Why was council so lenient on Tomerong Quarry? Inquiry launched

Earlier in the year, Fairfax Media revealed the Tomerong Quarry had imported more than 1000 tonnes of carcinogenic fly ash. Later, the EPA revealed the quarry had also imported asbestos.

Earlier in the year, Fairfax Media revealed the Tomerong Quarry had imported more than 1000 tonnes of carcinogenic fly ash. Later, the EPA revealed the quarry had also imported asbestos.

The Tomerong community is finally seeing justice prevail.

After years of campaigning for tougher penalties on a corporate citizen in their backyard that continued to breach development consent conditions to the detriment of the environment, and possibly their health, Tomerong residents are being listened to, and having their questions answered.

At Shoalhaven City Council’s strategy and assets committee meeting, Tomerong Community Forum spokesman Peter Allison presented a damning deputation, accusing council of shirking its duty to penalise the Tomerong Quarry for “breach upon breach”.

Council slapped the quarry with $114,000 in penalties for the first time in 2017 – not enough to placate the Tomerong community.

“We hold on some good authority that the total amount of fines for these breaches were in the vicinity of $2.5 to $3 million,” Mr Allison said.

“How is $114,000 a significant sum when it represents less than 5 per cent of the total maximum penalty.

“Can council staff explain their logic to the developer who was fined this week at Comberton grange $76,000 for lopping 29 trees, or to the quarry at South Nowra who was fined in excess of this for increased output on one occasion?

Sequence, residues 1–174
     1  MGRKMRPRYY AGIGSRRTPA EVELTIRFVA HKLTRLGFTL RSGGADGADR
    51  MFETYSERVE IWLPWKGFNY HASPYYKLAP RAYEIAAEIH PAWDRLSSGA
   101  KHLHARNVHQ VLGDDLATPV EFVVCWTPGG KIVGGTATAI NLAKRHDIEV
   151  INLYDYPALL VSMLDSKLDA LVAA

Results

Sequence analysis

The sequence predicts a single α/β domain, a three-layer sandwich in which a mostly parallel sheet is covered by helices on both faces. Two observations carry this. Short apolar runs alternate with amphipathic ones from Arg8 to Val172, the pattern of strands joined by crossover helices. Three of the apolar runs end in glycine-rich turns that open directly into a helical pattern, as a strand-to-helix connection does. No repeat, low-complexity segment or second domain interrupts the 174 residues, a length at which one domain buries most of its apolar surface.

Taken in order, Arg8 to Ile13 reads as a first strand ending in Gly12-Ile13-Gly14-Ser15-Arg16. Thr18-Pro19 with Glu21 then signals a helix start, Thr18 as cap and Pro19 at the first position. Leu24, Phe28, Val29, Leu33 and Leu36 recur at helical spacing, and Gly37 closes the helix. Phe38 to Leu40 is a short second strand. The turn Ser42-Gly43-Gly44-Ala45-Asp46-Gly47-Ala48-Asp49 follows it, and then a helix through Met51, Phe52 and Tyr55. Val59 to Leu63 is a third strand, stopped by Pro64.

“You can not blame the Tomerong Community for feeling that the Council had not acted in the best interest of the community but in the interest of one quarry operator.

“The elephant in the room is why.

“We need to know why.”

Shoalhaven mayor Amanda Findley offered a sincere apology to Mr Allison and the entire community.

“They feel hard done by, and rightfully so,” she said.

“I could have done more in my time, being elected for 10 years. I am sorry if I’ve let the community down.”

Councillor and former mayor Joanna Gash also apologised.

“As a former mayor, I also take responsibility,” she said.

“Each time we flagged an issue, we were assured all is well.”

There were talks about urging council’s general manager Russ Pigg to apologise to the community, but this idea was quashed by Cr Greg Watson.

“It would be a tarnishment on all staff that worked in development services for nearly three decades,” he said.

“Leave staff out of it. This is a disgrace.”

Instead, all councillors resolved the general manager would commission an independent, external investigation into issues raised by the community regarding compliance and operation of the Tomerong Quarry.

Mr Allison was pleased with the outcome, and keenly awaits the findings.